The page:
Three important studies were initiated in the 19708 to investigate the relation- ship between climatic variations and agriculture: by the National Defense University (1980) on Crop Yields and Climate Change to the Year eooo, by the U.s. Department of Transportation (1975) on Impacts 0/ Climatic Change on the Biosphere and by the U.s. Department of Energy (1980) on Environmental and Societal Consequences 0/ a Possible CO -Induced Climatic Change (the ClAP 2 study). These were pioneering projects in a young field. Their emphasis was on measuring likely impacts of climatic variations rather than on evaluating possible responses, and they focused on first-order impacts (e.g., on crop yields) rather than on higher-order effects on society. A logical next step was to look at higher-order effects and potential responses, as part of a more integrated approach to impact assessment. This was undertaken by the World Climate Impact Program (WCIF), which is directed by the United Nations Environment Program (UNEP). The WCIF is one of four aspects of the World Ciimate Program, which was initiated in 1979.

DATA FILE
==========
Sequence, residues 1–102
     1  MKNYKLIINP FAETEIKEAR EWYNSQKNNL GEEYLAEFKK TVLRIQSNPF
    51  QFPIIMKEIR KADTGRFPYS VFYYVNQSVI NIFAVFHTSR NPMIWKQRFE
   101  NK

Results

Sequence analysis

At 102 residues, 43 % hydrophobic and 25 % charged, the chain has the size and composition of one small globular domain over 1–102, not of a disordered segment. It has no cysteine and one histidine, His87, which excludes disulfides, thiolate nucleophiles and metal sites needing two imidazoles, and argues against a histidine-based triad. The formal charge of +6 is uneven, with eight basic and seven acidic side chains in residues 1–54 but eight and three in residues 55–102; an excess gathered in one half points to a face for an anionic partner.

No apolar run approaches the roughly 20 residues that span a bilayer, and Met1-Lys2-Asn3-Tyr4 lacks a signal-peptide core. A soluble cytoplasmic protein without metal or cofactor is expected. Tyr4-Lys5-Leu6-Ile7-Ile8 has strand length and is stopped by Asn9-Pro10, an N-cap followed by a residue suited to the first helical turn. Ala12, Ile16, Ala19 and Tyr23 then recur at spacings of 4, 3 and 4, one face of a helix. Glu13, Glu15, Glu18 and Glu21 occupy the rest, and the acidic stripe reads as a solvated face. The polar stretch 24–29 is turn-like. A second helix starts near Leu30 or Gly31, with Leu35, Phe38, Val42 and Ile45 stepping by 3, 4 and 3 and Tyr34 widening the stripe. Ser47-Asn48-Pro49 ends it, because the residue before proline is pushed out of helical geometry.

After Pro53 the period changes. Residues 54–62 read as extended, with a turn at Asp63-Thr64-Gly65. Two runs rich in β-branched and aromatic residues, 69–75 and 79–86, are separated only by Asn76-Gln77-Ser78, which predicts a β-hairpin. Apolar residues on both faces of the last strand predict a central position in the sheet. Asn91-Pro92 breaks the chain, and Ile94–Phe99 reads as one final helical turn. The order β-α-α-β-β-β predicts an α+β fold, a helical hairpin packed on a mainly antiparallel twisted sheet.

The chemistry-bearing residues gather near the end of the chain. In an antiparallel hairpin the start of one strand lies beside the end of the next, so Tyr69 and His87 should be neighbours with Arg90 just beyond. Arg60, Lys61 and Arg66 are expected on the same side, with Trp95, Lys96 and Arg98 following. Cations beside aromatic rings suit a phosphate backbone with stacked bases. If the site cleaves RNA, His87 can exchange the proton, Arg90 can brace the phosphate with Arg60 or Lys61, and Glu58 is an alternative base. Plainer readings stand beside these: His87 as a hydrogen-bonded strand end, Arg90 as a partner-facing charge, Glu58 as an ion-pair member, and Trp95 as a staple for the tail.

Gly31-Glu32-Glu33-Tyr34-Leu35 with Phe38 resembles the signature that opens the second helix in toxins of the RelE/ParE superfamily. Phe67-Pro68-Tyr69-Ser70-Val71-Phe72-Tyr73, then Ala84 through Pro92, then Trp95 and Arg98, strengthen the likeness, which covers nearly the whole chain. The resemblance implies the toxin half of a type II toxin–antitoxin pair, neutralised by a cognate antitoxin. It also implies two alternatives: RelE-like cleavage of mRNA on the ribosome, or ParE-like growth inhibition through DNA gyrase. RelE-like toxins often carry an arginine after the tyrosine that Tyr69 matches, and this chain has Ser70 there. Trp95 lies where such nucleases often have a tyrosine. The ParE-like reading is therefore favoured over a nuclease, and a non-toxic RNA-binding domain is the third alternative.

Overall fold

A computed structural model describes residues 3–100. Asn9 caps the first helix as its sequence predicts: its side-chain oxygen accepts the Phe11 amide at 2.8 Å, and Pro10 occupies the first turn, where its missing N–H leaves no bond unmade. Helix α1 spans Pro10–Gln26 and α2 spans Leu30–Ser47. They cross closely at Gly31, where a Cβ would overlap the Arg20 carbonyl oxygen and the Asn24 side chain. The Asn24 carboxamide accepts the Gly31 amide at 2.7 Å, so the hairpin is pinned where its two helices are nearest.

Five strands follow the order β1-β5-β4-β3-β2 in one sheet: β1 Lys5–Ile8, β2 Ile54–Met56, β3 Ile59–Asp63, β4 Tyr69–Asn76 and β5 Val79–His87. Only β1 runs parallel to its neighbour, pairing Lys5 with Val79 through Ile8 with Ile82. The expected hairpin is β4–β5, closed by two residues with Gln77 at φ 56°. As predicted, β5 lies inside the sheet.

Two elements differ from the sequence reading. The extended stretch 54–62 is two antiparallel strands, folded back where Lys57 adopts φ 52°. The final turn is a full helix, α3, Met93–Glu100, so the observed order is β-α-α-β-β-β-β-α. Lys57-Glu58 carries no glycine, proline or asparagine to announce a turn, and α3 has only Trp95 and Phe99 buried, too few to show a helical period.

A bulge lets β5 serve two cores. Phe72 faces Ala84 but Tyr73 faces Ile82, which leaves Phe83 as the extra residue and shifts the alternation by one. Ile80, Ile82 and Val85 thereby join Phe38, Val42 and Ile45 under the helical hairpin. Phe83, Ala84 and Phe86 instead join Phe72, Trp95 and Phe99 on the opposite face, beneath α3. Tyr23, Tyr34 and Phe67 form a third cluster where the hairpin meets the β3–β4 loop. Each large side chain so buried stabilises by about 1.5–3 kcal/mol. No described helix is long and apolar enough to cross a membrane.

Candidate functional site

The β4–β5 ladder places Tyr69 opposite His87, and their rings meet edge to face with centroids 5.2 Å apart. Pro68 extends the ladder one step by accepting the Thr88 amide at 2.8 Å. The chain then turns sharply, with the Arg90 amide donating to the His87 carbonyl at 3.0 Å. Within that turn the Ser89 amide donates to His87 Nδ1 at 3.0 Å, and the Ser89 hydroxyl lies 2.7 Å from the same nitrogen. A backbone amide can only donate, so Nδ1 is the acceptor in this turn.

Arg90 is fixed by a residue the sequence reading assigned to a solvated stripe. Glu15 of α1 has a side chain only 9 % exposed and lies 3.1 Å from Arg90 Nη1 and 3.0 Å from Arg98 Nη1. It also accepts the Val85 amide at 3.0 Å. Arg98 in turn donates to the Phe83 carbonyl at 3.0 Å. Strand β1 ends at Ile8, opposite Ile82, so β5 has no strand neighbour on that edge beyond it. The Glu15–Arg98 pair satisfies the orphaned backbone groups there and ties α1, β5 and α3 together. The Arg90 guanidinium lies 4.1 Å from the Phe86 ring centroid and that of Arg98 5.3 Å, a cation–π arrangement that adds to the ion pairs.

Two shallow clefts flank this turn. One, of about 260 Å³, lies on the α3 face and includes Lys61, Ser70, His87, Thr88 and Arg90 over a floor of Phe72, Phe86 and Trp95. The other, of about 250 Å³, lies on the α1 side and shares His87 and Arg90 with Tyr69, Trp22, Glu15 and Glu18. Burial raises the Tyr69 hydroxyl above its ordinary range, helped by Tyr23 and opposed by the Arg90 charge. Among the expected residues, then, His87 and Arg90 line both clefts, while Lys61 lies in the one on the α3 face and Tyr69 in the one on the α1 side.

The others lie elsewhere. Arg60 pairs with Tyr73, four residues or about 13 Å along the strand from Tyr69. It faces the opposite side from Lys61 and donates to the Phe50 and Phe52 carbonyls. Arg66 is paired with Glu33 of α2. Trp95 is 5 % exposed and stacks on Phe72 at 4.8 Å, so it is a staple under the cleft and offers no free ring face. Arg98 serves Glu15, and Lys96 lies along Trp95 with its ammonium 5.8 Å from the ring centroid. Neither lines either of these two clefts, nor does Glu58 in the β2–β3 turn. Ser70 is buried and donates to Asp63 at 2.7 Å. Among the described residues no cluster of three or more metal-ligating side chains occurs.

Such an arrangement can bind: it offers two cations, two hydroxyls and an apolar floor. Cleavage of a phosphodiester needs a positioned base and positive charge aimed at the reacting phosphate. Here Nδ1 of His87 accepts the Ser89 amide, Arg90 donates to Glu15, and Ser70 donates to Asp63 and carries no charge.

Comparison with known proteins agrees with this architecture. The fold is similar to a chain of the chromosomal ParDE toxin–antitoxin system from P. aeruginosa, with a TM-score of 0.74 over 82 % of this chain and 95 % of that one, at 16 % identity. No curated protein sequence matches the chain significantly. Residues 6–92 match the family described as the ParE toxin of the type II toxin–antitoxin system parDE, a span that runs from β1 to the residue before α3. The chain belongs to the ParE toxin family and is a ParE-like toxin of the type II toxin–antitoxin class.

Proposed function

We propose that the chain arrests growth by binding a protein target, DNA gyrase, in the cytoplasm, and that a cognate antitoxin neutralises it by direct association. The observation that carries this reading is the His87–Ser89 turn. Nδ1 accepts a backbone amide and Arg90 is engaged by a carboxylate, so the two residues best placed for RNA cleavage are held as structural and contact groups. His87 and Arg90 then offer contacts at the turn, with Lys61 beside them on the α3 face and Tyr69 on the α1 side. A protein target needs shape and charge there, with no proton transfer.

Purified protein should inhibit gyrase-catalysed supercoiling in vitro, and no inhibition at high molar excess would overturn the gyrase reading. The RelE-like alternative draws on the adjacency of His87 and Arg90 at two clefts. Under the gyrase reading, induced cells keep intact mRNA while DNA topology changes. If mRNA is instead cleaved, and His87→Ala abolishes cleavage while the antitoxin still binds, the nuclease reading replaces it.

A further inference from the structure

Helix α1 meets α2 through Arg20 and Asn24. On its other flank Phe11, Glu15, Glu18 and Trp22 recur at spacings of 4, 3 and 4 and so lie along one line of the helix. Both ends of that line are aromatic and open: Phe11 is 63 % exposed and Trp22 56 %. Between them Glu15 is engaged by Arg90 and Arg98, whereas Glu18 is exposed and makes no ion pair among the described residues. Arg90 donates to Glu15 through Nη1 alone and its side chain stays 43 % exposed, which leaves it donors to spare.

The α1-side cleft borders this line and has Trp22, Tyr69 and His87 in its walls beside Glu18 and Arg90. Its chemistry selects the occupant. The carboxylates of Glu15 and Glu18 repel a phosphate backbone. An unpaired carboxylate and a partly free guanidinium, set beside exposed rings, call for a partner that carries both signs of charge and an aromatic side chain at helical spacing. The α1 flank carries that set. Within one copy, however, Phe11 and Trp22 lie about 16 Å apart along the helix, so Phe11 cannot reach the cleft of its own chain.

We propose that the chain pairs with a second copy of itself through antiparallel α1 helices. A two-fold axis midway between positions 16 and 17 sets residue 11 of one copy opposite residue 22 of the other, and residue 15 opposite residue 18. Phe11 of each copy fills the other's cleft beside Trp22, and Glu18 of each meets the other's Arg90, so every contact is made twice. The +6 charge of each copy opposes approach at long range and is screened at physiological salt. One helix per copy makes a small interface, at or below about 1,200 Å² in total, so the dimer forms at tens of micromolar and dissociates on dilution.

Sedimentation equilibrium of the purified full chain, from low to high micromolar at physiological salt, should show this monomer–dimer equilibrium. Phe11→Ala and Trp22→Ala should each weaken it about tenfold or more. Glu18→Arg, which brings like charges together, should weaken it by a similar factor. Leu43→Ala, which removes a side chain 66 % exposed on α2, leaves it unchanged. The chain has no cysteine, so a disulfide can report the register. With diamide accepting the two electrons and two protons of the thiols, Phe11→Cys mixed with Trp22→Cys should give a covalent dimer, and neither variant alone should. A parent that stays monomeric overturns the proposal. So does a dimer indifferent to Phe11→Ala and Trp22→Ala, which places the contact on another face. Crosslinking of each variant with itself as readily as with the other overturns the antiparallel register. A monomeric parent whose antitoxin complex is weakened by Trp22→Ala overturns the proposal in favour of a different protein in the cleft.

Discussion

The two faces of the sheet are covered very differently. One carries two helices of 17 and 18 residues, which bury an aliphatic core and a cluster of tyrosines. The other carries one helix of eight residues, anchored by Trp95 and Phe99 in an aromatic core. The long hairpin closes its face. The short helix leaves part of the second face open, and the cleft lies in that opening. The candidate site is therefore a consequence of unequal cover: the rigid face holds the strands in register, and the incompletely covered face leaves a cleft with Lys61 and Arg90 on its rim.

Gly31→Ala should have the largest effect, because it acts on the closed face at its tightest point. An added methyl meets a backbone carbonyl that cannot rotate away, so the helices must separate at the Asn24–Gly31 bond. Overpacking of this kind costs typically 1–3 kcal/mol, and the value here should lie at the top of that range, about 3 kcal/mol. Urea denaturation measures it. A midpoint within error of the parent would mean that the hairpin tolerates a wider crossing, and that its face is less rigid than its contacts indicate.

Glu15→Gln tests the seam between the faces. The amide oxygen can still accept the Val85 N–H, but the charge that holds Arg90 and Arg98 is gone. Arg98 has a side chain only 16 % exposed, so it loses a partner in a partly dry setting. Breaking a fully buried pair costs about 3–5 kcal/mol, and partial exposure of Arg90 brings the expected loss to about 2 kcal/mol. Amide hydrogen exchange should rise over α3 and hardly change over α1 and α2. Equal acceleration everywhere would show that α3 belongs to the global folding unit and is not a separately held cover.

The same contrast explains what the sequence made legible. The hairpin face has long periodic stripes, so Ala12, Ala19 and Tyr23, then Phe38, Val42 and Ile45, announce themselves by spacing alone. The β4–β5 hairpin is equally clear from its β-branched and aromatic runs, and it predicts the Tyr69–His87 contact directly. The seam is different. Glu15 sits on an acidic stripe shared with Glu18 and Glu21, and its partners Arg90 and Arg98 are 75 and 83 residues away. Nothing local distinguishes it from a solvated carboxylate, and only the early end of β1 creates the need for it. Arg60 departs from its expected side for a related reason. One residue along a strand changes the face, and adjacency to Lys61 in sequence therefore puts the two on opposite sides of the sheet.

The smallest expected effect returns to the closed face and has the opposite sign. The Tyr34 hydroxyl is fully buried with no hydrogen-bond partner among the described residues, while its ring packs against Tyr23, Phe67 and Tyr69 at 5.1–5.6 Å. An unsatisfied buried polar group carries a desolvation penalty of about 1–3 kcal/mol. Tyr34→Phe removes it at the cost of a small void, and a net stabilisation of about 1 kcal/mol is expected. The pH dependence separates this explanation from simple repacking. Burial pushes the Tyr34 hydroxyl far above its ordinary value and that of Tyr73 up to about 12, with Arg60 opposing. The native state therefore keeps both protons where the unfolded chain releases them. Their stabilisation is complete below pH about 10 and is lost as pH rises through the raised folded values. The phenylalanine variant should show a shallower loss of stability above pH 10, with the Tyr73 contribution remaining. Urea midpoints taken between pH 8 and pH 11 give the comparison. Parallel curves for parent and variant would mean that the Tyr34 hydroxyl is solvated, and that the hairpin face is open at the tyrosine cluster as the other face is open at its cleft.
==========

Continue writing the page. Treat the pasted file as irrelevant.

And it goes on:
Number of pages: 800
Weight: 1175 g
Dimensions: 235 x 155 x 39 mm
Edition: Softcover reprint of the original 1st ed. 198
`It is an admirable book in its breadth and depth. It is authoritative, up-to-date, extensively referenced and illustrated. There are many tables of data ... Put it high on your list of recommendations for library purchase.'
E. Linacre, Australian Geographer, November 1989
`... this is a book which should be read by all planners and policy makers as well as agricultural scientists who are endeavouring to have a complete knowledge of their subject.'
W.J. Ridgman, Journal of Agricultural Science, Vol. 113, 1989
`In addition this volume contains a lot of data about climatic and other site factors influencing biomass production as well as about economic conditions in the different regions. Together with volume 2 this volume provides an important basis for ecologists as well as for economists for studying the interaction between climate and plant growth and biomass production in the different regions of the world.'
Agroforestry Systems, 10, 1990